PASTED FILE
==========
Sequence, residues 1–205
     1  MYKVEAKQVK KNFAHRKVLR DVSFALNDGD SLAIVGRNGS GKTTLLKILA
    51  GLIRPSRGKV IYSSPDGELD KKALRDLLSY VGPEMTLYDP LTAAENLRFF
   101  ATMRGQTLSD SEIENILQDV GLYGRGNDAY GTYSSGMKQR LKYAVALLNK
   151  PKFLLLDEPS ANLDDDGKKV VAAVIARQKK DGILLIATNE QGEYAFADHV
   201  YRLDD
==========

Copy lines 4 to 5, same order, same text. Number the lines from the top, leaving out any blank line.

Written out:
   101  ATMRGQTLSD SEIENILQDV GLYGRGNDAY GTYSSGMKQR LKYAVALLNK
   151  PKFLLLDEPS ANLDDDGKKV VAAVIARQKK DGILLIATNE QGEYAFADHV